On Tuesday, the U.S. Senate Committee on Health, Education, Labor and Pensions (HELP) held a hearing to address the NLRB’s revised “joint employer” standard as detailed in its August 27 decision in Browning-Ferris Industries. The Board indicated that “indirect, potential, or ultimate” control over another employer’s workers could be enough to trigger a finding of joint employment, a change from the previous standard requiring direct and immediate control over terms and conditions of employment. The committee is also considering a legislative solution – Chairman Lamar Alexander (R-TN) introduced legislation last month, the Protecting Local Business Opportunity Act, to restore the decades-old definition of joint employer.
Among the panel of witnesses was Ciara Stockeland, Owner and Founder of MODE, a fashion retail franchise based in Fargo, ND. MODE is a small franchisor with 12 locations, and plans to expand to 75 by 2024. “The uncertainty introduced by the NLRB’s BFI decision jeopardizes the expansion of my business,” Ms. Stockeland testified. “As a small business owner who meets countless public and private demands and competes against massive corporations each day, I find it terribly frustrating to have regulators harming my business and the careers of so many others in our system.”
Despite the NLRB’s ongoing litigation against franchise companies alleging joint employer liability, some Senators insisted that a new joint employment standard will not present a problem for franchise businesses, pointing to the NLRB General Counsel’s advice memorandum in the Freshii case declaring that a single franchisor was not a joint employer with its franchisees. In response, Ms. Stockeland testified that the Freshii memo “is simply a distraction,” noting that the memo does not hold the force of law and has not been fully litigated like the Browning-Ferris Industries case was. She also pushed back on the Senators’ arguments that Browning-Ferris does not impact franchise companies since it was a ruling on contracting relationships, saying that “every franchisor-franchisee relationship is based on a contractual franchise agreement. Franchising is contracting.”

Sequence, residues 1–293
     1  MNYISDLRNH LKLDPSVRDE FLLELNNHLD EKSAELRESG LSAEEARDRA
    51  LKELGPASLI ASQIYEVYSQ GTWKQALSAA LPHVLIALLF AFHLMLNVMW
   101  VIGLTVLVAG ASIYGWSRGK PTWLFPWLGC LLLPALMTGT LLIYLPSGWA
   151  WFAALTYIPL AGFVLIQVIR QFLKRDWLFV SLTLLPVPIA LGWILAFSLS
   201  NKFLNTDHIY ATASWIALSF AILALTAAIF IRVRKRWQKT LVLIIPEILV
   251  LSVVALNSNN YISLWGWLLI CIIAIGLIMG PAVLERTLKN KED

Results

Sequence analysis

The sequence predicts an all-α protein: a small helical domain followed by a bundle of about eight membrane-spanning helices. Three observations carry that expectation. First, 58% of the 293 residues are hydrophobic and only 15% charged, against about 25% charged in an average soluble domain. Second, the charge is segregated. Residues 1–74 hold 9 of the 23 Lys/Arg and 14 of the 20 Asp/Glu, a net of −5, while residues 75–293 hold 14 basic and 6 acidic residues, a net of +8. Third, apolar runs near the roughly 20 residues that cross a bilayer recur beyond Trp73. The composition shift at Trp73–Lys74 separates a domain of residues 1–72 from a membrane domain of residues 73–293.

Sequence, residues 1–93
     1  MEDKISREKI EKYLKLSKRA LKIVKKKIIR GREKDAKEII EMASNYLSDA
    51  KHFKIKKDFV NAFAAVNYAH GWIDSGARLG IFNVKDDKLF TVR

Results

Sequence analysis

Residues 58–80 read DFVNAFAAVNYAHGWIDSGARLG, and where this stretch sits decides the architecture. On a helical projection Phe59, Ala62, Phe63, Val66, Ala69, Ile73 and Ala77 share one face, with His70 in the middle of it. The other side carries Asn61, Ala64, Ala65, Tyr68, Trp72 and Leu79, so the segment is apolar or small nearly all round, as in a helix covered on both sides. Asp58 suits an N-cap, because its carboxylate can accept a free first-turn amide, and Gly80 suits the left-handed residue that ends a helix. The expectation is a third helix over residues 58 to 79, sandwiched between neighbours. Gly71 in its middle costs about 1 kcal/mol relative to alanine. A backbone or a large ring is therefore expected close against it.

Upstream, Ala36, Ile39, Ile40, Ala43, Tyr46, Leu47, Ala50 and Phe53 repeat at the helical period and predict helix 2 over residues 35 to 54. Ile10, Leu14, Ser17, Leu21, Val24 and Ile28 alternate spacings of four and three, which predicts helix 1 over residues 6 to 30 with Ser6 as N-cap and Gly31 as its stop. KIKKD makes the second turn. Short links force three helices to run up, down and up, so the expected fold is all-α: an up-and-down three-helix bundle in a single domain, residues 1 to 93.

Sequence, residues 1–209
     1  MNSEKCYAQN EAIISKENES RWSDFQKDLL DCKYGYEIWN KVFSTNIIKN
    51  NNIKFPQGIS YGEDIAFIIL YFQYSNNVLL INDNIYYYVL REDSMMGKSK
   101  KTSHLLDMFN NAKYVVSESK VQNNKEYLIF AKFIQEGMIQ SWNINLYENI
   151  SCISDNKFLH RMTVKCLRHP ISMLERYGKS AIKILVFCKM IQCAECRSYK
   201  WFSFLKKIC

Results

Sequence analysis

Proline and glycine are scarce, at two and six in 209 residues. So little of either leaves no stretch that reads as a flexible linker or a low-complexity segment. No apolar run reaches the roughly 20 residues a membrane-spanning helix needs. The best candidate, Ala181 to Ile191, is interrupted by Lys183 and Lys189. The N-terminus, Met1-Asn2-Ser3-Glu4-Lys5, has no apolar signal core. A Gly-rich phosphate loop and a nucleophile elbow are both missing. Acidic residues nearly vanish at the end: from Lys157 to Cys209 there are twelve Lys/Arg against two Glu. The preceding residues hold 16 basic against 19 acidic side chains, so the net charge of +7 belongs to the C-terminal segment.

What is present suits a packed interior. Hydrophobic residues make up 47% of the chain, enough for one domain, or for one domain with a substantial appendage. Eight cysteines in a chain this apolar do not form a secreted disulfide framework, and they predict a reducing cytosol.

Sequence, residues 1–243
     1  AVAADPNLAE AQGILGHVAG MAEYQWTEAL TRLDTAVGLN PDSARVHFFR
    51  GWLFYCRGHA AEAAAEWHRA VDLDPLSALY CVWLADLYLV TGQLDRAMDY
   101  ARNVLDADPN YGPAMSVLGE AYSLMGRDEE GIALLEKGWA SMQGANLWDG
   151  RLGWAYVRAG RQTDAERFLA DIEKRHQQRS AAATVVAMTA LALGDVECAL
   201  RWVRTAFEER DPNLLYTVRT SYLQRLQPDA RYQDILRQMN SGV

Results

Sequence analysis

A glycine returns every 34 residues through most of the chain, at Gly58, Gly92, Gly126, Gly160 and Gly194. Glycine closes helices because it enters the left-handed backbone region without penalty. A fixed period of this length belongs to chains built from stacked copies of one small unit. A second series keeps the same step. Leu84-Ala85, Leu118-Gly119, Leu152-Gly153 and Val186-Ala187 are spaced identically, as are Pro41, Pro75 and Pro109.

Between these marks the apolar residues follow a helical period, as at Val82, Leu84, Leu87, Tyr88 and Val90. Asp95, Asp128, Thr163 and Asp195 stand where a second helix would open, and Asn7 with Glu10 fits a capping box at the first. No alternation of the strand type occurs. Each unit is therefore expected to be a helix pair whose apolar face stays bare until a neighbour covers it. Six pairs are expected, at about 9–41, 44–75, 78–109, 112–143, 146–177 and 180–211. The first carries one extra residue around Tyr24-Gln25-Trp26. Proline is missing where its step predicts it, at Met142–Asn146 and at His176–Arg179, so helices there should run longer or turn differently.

Ms. Stockeland also attended yesterday’s White House Summit on Worker Voice, an event designed to bring together leaders from the labor, employer, and advocate communities to explore ways to collaborate to improve jobs and the economy. However, the event has been criticized as being biased towards labor unions, with very few representatives from the employer community invited to participate. “I think from what I have heard, I am in the minority there,” she told The Daily Caller News Foundation in an interview on Tuesday. “But I am excited to tell my story.”
Chairman Alexander’s bill, S. 2015, continues to gain momentum in the Senate and currently has 60 co-sponsors. Identical legislation in the House of Representatives, H.R. 3459, is sponsored by Rep. John Kline (R-MN), Chairman of the House Committee on Education and the Workforce, and has 44 co-sponsors.